Kentucky Gov. Matt Bevin Signs Pro-Life Legislation as Court Hears Challenge

Kentucky Republican candidate for Governor, Gov. Matt Bevin, addresses the audience gathered at the Fancy Farm Picnic in Fancy Farm, Ky., Saturday, Aug. 3, 2019. (AP Photo/Timothy D. Easley)
AP Photo/Timothy D. Easley

Kentucky Gov. Matt Bevin ceremonially signed into law four pieces of pro-life legislation as an appeals court heard a challenge brought by the ACLU regarding a state abortion safety law.

On Thursday, Bevin signed SB 9, the Heartbeat Bill, which bans an abortion once a fetal heartbeat can be detected; SB 50, a measure that requires doctors to provide abortion pill patients with information regarding the reversal of the effects of the drug; HB 5, which bans abortion based on sex, race, or perceived disability of the unborn child; and HB 148, a measure that would ban abortion entirely in Kentucky should Roe v. Wade be overturned.

“I am deeply grateful to be governor of a state that so overwhelmingly values the sanctity of human life,” said the Republican governor. “Kentucky is leading the charge in this vitally important fight for the heart and soul of our great nation. We look forward to additional work with our strong legislative partners in building on this historic momentum, as we advance critical pro-life protections for the most vulnerable among us.”

During the signing ceremony, Richard Nelson, executive director of the Commonwealth Policy Center, presented Bevin with the organization’s “Friend of Life” award, honoring his work to protect unborn children in Kentucky.

“What many people don’t know is that Gov. Bevin’s legal team is defending duly enacted pro-life laws that aren’t being defended in court by the current attorney general,” said Nelson. “Gov. Bevin is going the extra mile by committing his time, his energy and his staff, to uphold laws intended to protect the unborn. Gov. Bevin is truly a friend of life to future Kentuckians.”

Nelson referred to Kentucky Democrat Attorney General Andy Beshear, who has refused to defend the state’s pro-life legislation.

In 2017, following Beshear’s refusal to defend Kentucky’s law that banned abortions past the fifth month of pregnancy, Bevin posted on Facebook:

Attorney General Andy Beshear is once again refusing to do his job. Even though he is obligated by law to do so, AG Beshear refuses to defend the 20-week abortion ban, a bill that won the support of nearly 80 percent of the General Assembly, including 21 Democrats. AG Beshear would rather pander to his liberal, pro-abortion base than defend the law of Kentucky. I will, therefore, continue doing it for him by defending these pro-life bills. The citizens of Kentucky demand and deserve no less.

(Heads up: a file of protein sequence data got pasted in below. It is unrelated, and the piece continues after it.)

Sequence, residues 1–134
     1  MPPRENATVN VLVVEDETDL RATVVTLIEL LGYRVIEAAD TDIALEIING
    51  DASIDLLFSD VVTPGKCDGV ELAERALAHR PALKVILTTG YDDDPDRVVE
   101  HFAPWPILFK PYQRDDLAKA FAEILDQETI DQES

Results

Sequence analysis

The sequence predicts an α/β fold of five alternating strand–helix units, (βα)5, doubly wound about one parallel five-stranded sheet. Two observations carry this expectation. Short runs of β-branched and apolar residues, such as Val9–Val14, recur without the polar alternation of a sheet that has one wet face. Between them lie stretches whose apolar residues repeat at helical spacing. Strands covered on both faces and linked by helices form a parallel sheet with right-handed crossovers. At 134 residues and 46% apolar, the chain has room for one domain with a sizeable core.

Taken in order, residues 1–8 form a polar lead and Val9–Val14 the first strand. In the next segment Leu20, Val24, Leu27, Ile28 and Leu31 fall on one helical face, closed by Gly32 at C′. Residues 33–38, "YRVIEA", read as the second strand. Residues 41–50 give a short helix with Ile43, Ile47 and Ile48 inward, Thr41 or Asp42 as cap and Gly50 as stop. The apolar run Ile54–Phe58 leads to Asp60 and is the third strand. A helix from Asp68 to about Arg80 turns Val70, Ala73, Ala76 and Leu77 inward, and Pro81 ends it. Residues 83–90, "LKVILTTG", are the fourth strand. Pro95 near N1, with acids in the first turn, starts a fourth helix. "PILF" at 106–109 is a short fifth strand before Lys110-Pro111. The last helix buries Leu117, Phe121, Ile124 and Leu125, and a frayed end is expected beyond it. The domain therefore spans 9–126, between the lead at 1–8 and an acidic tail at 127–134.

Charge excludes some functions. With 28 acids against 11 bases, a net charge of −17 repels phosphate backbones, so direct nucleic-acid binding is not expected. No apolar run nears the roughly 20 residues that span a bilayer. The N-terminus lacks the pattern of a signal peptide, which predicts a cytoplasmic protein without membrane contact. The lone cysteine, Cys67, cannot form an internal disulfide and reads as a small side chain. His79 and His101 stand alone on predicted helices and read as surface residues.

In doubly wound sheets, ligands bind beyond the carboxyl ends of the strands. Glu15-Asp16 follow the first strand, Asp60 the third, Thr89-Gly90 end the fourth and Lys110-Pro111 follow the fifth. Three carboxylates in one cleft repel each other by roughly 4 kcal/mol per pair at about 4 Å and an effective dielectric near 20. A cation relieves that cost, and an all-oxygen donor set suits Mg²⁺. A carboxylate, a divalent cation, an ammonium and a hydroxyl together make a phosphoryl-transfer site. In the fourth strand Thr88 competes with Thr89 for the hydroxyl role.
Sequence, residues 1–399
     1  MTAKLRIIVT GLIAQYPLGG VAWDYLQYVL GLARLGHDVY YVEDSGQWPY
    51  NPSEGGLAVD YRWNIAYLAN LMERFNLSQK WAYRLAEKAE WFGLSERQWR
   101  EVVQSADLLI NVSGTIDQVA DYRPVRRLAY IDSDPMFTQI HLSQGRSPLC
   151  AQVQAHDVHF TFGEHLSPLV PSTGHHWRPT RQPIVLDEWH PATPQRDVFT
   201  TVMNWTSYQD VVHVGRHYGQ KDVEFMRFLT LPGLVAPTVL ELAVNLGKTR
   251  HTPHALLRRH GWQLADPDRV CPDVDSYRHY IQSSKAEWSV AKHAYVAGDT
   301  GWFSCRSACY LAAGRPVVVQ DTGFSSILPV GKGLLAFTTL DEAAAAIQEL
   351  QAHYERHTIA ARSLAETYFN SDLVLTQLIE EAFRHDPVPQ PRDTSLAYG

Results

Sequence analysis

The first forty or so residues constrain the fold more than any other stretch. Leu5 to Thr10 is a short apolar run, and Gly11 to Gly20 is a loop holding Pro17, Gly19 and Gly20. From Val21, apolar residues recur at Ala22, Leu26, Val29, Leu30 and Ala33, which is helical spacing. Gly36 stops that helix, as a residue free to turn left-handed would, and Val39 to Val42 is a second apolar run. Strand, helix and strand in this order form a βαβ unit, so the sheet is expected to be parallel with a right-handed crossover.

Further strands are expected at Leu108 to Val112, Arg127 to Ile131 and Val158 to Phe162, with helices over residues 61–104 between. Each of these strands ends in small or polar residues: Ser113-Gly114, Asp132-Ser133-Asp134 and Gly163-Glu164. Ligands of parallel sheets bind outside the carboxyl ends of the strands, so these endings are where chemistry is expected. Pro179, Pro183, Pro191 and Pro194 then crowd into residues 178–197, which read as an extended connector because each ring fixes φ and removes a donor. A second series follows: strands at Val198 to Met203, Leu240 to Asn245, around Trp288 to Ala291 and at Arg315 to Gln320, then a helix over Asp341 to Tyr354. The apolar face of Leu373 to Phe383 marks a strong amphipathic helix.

Meanwhile, also on Thursday, Bevin’s legal team presented oral arguments to a three-judge panel of the U.S. Sixth Circuit Court of Appeals regarding a law requiring an abortion clinic to maintain an abortion transfer agreement aimed at protecting the health and safety of women. The law requires abortion facilities to hold an agreement with a nearby hospital to transfer abortion patients to in case of an emergency. Planned Parenthood, the ACLU, and the abortion lobby oppose such laws.

A federal judge struck down the transfer agreement law last year, but Kentucky appealed the decision.

Former Republican State Rep. Addia Wuchner, who was present during the oral arguments and supports the transfer agreement law, said the measure sets a basic standard of care for people seeking abortions.

“This shouldn’t be [about] those that would be supportive of abortion, or those who would be opponents to abortion: this is really a women’s health matter,” Wuchner said, reported WFPL. “It’s about making sure that when that transfer occurs, there’s already protocols set in place — emergency rooms don’t do abortions every day.”

However, according to the report, the ACLU’s response was directed not at safety in emergency situations, but the possibility that the only abortion clinic remaining in Kentucky — EMW Women’s Surgical Center — could shut down if it did not meet that basic standard of care.

“There would have been no clinic in the state of Kentucky, which is an incredible burden on patient’s ability to access care, about the most burdensome you can get,” said Heather Gatnarek, staff attorney with the ACLU state chapter. “There is no evidence put forth that patients who go to hospitals that have transfer agreements are better cared for than those without.”

Bevin’s legal team is also currently defending HB 454 (live dismemberment law), SB 9 (fetal heartbeat law), and HB 5 (anti-eugenics law) in federal court.

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